The boy comes VERY often to see if we have left him a reward in our nest.  He obviously doesn’t understand that us girls need our privacy to produce this reward and it simply won’t happen if he keeps lifting that lid!!
The boy brings us much food from his garden, but needs to learn that we don’t like it being thrown at us.

Claw Note: The boy’s lady reminds him of what he is allowed to do with us and he repeats all of the rules back to her and says he understands….again!

Wednesday: The nearby rooster has sent us an early message and once again he is right…it is morning.  The boy has joined us again.  This morning he exercises us by placing us on our perch and then throwing us into the air.  We then quickly flap our wings to land safely.  We don’t like this game and Bitsa decides to trick the boy with her reward.  The boy’s lady once again comes out to join us, but quickly takes the boy away.

The boy is once again coming VERY, VERY often to check for a reward from us.  Finally, Bitsa leaves one, but he’s disappointed after he picks it up and discovers it has no shell.  I think the humans call this revenge.

Claw Note:  The lady talks to the boy about how he is scaring us (actually…he is scaring us off the lay!!)  She says all the rules to him again and he says them back (again) and promises he will follow the rules this time.

Thursday: The boy’s lady has put a metal thing on the gate of our home and he can no longer come inside.

We hear a strange sound on our roof this afternoon and are surprised to see water pouring off the end, but no rain.  We see the boy with a bucket of water, tipping it on our roof.  He is then delighted when it rolls down and onto the ground.  We are happy that he is having fun.
Not long after, we are under attack as water is continually being tossed into our beautiful home and we flap for cover into our safe nest.  The boy’s lady comes and takes him into their building.

Claw Note:  The boy doesn’t seem to remember his promise from yesterday.

Friday: The boy’s lady is constantly guarding us and we don’t see him much today.

Claw Note:  The lady has been busy keeping the boy away from us.

Saturday: The lady is always watching the boy and us, while they are digging in their yard.  They must be looking for worms to eat….lucky them.

Claw Note:  The boy’s lady seems to be like one of those guard dogs we heard about from our mother when we were chicks.  Watching, guarding and guiding.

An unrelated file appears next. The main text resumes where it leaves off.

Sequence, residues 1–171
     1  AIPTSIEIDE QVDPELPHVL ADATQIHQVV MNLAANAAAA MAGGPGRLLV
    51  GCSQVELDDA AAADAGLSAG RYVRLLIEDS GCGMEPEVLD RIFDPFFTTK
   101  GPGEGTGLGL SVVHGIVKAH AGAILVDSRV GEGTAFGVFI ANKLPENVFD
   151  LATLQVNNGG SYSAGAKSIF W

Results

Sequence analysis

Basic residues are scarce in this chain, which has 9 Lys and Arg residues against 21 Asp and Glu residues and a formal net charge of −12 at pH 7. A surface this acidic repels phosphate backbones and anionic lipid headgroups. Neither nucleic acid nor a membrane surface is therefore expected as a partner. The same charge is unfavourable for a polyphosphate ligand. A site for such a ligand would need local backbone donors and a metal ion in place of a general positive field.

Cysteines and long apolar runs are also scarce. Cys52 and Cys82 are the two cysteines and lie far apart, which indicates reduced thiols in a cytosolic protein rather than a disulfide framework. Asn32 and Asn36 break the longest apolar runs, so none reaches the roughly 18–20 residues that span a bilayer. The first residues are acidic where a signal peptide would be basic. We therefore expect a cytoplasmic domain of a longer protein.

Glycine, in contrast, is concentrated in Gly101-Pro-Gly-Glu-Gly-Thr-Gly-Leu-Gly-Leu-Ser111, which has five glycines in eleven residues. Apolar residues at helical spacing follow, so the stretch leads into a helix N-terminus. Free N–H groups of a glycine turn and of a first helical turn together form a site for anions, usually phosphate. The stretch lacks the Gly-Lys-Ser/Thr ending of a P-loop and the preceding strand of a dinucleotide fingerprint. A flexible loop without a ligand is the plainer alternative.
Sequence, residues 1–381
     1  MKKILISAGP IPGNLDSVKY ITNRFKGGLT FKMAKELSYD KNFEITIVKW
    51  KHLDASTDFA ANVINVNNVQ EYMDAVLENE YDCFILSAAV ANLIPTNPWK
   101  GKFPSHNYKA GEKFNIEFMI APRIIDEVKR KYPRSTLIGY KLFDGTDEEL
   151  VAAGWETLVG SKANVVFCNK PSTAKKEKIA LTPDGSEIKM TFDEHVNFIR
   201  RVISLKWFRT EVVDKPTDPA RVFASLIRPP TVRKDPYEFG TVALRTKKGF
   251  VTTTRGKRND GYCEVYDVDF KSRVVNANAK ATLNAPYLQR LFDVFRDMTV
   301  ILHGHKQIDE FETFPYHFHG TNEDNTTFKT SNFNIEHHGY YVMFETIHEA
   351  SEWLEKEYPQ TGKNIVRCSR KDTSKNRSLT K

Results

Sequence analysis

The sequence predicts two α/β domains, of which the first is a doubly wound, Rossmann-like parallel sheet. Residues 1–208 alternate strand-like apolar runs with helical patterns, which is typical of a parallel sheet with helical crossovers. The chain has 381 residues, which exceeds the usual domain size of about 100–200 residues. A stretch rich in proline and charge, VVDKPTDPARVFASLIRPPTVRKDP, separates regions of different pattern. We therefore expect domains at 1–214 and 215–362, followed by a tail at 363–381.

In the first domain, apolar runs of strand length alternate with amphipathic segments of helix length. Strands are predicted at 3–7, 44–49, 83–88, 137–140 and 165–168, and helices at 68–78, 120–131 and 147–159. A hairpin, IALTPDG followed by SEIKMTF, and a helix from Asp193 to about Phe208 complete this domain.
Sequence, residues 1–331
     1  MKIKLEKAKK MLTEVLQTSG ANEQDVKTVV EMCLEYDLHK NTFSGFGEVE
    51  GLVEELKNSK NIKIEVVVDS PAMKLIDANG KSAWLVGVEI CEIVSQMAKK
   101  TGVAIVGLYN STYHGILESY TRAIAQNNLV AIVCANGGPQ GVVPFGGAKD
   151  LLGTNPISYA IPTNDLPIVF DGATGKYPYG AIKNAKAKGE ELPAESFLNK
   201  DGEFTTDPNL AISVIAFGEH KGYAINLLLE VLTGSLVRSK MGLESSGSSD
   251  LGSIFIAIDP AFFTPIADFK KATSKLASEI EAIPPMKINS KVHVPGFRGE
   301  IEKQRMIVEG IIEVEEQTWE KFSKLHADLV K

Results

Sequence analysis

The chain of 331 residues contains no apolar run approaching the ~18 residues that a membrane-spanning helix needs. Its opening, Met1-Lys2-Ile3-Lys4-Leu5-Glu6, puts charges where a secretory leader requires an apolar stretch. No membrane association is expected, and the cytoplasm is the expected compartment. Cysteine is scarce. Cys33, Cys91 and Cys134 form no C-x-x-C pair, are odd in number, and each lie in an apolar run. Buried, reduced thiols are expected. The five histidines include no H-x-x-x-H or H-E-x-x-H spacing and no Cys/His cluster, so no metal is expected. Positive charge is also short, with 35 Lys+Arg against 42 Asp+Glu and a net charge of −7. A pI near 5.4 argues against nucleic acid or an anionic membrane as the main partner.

Sunday:  It is early again and the rooster has just sent his message.  The boy has come to greet us again, nice and early.  He must think we are very hungry, because he is continually tossing us grass, sticks and other bits and pieces.  His lady appears and quickly leads him away.

Claw Note:  The lady seems to sense what the boy is doing, just like we can sense when a fox is near.

Monday: We have only seen the boy from a long way away through a window so far today.

It is now late in the day and the boy is feeding us our grain with a very unusual technique.  He puts the grain in his mouth and blows it into our home through the netting.  We then have a race to see who can get it first.

Claw Note:  We have noticed that the boy doesn’t seem to remember many things his lady teaches and tells him.

Tuesday:  Today is going home day and our people have arrived.  The lady seems happy that we are going and is eager for us to leave.

Claw Note:  The lady and the boy are like one human.  The boy needs the lady to help him think and remember things for him.

The chickens have told the story well.  In one week, the warm, fuzzy feelings that had begun to build inside of MM’s heart and the vision she had of caring for her own egg layers, were shut down and banished to the unlived dreams graveyard.

The reality of knowing she is unable to bring to life a childhood memory of caring for chickens is not an easy one for Mama Maremma.  This is but one of the sacrifices she makes to ensure she creates a positive environment for her child.  She knows that she needs to reduce temptations, stresses and any other triggers known to impact her child’s behaviour and to create the best possible outcome for her entire family.